Your first year away at college will be an exciting one, for sure. College Driven offers this last piece of advice for all you high school graduates who are entering into your next chapter. If you haven't tied up those other loose ends, get up to speed by reading this post!
1. Commit yourself to achieving success.
College is what you make of it. Envision for yourself what you want your college experience to be, then make it happen for yourself.
2. Know who you are and what you stand for.
College will be filled with a bunch of tests for you. Not the kind you take in a lecture hall, but the kind that tests your moral anchor. Do not falter on your beliefs and values. Know who you are.
3. Be a time manager.
The workload in college may exceed what you are used to from high school. There will also be many opportunities that may be distractions from your studies. Choose what is important to you then create a disciplined time schedule and keep to it. Work hard, play hard.
4. Get to know your professors.
Schedule a meeting with your professor to introduce yourself. If you need help in the future, it will be a lot easier if the professor already knows you and you’ll feel more at ease. Don’t be afraid to ask for help ASAP.
5. Safety is your responsibility.
There will be times when you’ll be studying at the library until after midnight. Use the campus safety patrol to walk you home. Be aware at all times. The safety services are for your convenience, use it.
6. Keep in touch.
Be sure to communicate with your parents. They want to know how you are doing and what challenges you are facing. Like most parents, they probably won’t call you because they think you are too busy and don’t want to bother you. Take the initiative and call them.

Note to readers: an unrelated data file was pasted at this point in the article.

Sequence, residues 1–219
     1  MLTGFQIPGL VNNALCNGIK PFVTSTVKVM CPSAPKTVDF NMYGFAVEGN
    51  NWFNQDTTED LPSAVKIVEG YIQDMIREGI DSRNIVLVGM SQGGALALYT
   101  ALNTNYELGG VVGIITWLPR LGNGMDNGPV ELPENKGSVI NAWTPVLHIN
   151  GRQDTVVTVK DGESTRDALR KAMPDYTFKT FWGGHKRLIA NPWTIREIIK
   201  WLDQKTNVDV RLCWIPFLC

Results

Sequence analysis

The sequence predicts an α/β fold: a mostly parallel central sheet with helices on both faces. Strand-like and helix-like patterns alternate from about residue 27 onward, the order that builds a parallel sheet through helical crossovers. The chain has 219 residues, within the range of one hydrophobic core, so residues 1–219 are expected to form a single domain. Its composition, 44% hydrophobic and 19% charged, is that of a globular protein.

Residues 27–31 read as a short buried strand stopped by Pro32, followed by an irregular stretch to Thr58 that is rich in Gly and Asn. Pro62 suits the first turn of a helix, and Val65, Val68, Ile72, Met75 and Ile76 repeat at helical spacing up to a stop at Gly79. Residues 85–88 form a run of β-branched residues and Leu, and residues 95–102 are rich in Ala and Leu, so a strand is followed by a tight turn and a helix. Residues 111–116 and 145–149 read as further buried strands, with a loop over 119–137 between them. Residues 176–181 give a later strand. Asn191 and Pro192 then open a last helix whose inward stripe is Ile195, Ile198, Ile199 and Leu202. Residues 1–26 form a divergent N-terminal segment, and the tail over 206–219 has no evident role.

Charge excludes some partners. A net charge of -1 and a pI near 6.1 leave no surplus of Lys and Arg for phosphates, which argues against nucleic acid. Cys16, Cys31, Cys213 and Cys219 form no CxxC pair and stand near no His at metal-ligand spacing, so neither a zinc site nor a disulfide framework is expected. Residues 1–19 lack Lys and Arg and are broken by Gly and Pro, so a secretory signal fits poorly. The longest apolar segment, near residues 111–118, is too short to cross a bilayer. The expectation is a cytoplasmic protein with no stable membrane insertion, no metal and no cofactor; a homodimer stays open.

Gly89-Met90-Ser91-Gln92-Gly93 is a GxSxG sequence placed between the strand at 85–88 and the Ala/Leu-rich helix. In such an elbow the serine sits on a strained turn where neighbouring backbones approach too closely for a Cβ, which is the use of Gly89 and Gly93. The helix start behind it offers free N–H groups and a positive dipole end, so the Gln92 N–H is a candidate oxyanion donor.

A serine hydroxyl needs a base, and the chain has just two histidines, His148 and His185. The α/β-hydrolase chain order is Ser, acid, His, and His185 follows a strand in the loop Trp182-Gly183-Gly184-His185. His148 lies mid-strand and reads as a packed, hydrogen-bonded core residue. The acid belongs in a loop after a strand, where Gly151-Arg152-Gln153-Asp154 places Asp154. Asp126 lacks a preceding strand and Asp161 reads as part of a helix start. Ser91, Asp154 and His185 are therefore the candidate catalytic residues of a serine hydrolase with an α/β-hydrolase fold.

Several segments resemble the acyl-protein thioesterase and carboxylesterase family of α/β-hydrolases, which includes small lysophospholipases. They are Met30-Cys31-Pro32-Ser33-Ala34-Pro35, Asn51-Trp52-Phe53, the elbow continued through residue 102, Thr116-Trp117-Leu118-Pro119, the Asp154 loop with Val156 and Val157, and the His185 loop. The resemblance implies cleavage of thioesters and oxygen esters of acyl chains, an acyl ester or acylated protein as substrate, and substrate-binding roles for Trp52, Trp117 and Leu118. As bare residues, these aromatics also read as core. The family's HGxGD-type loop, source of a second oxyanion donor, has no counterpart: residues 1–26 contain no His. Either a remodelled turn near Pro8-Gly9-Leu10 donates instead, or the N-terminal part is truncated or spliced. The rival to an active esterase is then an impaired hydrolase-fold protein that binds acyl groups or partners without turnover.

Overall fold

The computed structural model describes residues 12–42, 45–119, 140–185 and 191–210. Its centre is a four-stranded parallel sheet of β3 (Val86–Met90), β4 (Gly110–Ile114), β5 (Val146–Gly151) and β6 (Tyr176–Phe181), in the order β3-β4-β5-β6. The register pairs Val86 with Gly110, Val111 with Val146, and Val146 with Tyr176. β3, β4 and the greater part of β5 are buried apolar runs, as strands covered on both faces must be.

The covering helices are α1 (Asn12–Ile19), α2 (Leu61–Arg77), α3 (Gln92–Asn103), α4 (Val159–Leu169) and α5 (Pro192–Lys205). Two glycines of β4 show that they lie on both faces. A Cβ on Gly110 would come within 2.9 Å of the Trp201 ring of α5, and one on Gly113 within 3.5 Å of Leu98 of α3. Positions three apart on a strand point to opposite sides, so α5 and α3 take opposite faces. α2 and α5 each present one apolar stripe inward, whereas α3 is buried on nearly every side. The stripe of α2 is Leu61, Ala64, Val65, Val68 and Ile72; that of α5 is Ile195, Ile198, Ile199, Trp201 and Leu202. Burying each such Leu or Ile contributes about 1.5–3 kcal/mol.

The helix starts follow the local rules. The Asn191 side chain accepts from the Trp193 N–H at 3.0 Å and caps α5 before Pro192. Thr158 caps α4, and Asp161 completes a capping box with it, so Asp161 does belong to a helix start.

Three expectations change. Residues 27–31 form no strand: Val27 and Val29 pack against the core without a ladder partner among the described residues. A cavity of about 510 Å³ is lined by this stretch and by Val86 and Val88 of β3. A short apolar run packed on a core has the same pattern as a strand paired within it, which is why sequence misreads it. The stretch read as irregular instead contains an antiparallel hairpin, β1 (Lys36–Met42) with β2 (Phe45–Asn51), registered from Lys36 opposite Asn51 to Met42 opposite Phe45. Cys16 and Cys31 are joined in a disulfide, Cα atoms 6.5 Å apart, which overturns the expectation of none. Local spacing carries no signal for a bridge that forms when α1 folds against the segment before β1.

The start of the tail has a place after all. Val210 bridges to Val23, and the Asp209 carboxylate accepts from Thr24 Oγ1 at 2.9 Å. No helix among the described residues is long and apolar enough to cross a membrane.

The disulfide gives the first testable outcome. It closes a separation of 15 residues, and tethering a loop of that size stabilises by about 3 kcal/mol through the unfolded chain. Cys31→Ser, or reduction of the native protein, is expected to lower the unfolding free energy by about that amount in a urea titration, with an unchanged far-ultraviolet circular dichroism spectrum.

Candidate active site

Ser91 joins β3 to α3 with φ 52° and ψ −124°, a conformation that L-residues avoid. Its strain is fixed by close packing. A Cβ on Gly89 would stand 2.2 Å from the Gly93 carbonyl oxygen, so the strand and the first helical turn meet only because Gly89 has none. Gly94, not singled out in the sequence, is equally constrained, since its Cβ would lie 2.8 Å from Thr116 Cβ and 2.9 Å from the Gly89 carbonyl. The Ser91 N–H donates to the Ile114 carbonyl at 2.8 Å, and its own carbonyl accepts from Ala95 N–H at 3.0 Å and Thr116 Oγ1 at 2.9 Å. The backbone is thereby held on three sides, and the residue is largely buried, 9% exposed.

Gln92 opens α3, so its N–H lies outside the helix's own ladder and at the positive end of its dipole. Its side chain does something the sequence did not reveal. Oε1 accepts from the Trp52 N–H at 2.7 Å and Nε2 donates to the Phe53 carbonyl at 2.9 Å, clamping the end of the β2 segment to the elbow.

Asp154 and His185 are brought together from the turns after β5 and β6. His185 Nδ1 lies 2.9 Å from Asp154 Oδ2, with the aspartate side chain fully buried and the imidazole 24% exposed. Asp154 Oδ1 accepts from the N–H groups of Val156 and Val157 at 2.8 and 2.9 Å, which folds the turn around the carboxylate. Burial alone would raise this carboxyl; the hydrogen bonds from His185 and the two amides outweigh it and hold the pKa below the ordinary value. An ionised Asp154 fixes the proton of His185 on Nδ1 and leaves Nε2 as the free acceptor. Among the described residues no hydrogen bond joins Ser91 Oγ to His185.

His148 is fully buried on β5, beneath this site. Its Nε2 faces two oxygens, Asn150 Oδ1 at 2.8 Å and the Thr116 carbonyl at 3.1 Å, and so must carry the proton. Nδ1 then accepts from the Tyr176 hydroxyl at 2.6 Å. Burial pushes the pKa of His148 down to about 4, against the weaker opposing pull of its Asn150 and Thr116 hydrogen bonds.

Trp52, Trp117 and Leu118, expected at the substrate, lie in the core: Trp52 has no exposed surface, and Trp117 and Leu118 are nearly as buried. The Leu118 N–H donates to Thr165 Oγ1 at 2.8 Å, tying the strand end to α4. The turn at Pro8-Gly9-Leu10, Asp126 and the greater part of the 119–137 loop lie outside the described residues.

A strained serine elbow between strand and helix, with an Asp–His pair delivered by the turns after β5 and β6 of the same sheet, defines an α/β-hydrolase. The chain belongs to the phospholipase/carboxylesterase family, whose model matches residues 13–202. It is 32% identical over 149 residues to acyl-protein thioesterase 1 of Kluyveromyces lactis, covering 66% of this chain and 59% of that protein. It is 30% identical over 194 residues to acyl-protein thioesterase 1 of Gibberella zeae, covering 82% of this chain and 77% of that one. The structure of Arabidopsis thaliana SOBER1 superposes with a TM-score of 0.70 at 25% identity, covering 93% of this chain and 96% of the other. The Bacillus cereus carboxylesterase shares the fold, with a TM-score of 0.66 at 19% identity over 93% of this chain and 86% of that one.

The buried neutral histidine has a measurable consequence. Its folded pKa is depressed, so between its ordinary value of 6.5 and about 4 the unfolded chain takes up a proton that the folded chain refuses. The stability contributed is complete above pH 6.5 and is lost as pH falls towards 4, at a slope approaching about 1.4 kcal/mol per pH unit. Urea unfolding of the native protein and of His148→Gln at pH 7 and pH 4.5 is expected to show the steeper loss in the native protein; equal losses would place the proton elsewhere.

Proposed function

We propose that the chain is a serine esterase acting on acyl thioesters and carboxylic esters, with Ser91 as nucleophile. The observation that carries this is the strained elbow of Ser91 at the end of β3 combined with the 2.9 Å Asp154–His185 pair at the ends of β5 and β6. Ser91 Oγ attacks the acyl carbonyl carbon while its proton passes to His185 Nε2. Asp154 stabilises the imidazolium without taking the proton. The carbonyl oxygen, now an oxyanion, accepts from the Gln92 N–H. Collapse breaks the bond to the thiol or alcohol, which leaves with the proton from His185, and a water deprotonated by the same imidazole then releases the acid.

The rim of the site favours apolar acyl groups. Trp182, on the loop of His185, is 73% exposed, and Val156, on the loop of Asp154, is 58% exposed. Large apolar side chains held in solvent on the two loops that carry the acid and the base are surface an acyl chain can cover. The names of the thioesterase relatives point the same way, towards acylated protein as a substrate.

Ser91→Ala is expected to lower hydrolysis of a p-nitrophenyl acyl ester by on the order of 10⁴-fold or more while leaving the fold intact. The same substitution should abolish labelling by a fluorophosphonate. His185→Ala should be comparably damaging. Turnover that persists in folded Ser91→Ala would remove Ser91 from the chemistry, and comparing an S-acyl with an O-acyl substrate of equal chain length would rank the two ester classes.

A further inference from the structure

7. Get involved.
Now is your chance to try new things, meet new friends, and begin to find your place in the world. If an activity interests you, then get involved. Now is the time. Do not be anti-social.
8. Seek help.
The college pace is fast. Miss a day and it’s difficult to catch-up. Be sure to keep up on your studies. It is the reason you’re there. If you are having troubles, there are a multitude of resources to get you over the hurdle. Teaching assistants are usually more available than professors in helping students understand the material. Additionally, you can join study groups and attend tutoring sessions.
9. Living with a roommate.
This may be the first time you are sharing space with another person. Keep an open mind and realize college is about celebrating diversity and learning from each other. Agree on some ground rules at the beginning for an easier go at it. Remember, you can always study at the library if your roommate requests some privacy. Be considerate knowing she will be considerate back when you need the same favor.
10. Fiscal Responsibility.
Before you spend a dollar, THINK. Do you need it? If you need it that bad, pay cash. You’ll have enough debt on your hands with student loans that adding an out of control credit card to the mix won’t be very fun. Establishing credit while in college can be beneficial to you as long as it’s good credit. If you can’t pay the bill off every month, then you shouldn’t be charging anything. If it gets out of hand, work with cash only. Allot yourself a certain amount of cash for each month. When that runs out, you’re done for the month. Hopefully, you’ll learn how to better manage your “allowance” for the next month. College Driven is not opposed to having fun. Everyone needs a little extra funds to have fun beyond campus offerings. But don’t do it at the expense of your future milestone purchases like your home or car.
11. Have fun.
But do so responsibly. You are an adult now, act like one.
And a note to parents: your child will be extremely busy while away at college. Give them the space they need to figure things out. Don't get upset if they don't call or text; they truly are handling a lot all at once, and they want to try to be as independent as possible. Be understanding and grateful when they do reach out to connect. But, don't waste time talking about classes or tests. Focus on how they are doing both mentally and emotionally. A caring conversation will encourage them to call more regularly as opposed to a lecturing inquisition.